Researchers answer pertinent questions. How and why was the company formed originally? The charter will often explain this. How often was it bought and sold, and why? What were the motivating factors? How often was the company in court? What were the facts and outcomes of those lawsuits? Was there government involvement? Did the company always occupy the same market segment? Has the range of offerings in goods or services grown or shrunk over its lifetime? Has the workforce expanded, contracted, or remained relatively stable? Answers to such questions highlight strengths and weaknesses, helping buyers to make an informed decision.
Some of the documentary evidence that assists historical examiners in the process of discovery includes: certificates of incorporation, by-laws with dated amendments, business and professional licenses with renewals, executed power of attorney letters, legal case summaries with final dispositions, title certificates to all land and possessions bought and sold and every contract entered into. Contractual agreements that affect assets, place parameters on doing business, and present conflicts of interest are necessary for a buyer to know about in advance. Tax returns and bank statements demonstrate ebbs and flows in revenue, also necessary information before acquiring or merging with another company
3. Q: What are indemnifications in an M&A?
A: Even with great due diligence, issues relating to the target company’s past might arise after the closing. Without indemnification clauses in the M&A agreement, the successor company has no recourse. In other words, the buyer owns the company, warts and all. These warts may be tax liabilities, undischarged liens, or other matters that could cost the successor significant amounts of money. Therefore, the indemnification language allows the buyer to legally pursue the seller for restitution. The seller is on notice that its company should have no financial skeletons in the proverbial closet.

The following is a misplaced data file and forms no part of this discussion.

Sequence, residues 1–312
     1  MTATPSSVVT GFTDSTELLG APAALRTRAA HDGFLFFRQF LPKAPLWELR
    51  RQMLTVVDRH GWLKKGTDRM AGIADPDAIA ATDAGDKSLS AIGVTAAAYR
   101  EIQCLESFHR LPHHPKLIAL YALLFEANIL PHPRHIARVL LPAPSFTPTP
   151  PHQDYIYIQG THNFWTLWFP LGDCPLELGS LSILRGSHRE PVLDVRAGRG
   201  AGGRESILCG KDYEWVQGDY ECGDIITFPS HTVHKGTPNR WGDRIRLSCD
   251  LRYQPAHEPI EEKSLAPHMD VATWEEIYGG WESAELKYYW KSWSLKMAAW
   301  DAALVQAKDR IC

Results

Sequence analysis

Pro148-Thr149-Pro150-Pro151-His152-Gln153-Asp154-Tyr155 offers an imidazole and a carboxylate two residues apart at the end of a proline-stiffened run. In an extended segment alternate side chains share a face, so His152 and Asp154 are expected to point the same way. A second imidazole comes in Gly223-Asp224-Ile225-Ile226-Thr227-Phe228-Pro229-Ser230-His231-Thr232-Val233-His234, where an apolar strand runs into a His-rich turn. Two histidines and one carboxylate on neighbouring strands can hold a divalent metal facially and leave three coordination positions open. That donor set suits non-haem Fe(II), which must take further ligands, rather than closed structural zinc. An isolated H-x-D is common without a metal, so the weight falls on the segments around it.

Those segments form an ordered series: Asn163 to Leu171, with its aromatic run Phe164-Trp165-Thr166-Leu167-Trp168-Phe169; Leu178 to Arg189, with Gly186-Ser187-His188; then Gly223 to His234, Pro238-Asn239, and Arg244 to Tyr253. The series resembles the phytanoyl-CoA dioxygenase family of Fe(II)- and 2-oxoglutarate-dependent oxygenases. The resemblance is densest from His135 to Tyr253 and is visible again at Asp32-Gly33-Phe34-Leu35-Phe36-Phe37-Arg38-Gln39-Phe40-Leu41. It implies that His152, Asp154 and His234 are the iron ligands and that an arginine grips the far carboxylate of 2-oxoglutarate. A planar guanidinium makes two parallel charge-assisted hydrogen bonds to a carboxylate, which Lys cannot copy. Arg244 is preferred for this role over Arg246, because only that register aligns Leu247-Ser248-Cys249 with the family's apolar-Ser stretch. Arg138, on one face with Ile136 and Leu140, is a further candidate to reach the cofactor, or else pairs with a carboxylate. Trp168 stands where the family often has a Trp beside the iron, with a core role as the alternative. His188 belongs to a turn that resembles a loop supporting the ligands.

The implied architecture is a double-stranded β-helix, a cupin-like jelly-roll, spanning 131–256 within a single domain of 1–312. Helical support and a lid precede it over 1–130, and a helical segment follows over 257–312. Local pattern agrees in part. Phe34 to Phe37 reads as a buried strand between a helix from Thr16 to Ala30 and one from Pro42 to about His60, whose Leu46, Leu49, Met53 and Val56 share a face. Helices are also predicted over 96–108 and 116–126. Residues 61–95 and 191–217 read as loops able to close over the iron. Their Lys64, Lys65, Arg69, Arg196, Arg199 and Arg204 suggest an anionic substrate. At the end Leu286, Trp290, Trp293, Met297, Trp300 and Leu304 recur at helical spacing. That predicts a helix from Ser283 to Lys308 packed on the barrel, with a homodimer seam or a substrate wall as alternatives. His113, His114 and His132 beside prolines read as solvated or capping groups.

Liabilities are of particular importance. When an acquisition occurs, the business’s mistakes and evasions become the new owner’s problem. Indemnification clauses allow the buyer relief if the target company fails to fulfill its contractual obligations. Case in point, the target company, owns a property that it improved but never compensated the contractor. As a result, the contractor puts a mechanic’s lien on the property that the selling company ignored, and a title search was missed. If the lien surfaces post-acquisition, the purchasing company, which paid the lien to get it discharged, can sue the seller for reimbursement.
Other examples include unpaid unemployment insurance premiums and federal or state tax liens. Yes, proper due diligence would sniff such issues out, but indemnification clauses in the purchase agreement cover the unlikely event of such obligations falling through the cracks. It is not a guarantee of recompense. More accurately, indemnification confers the legal right to pursue it.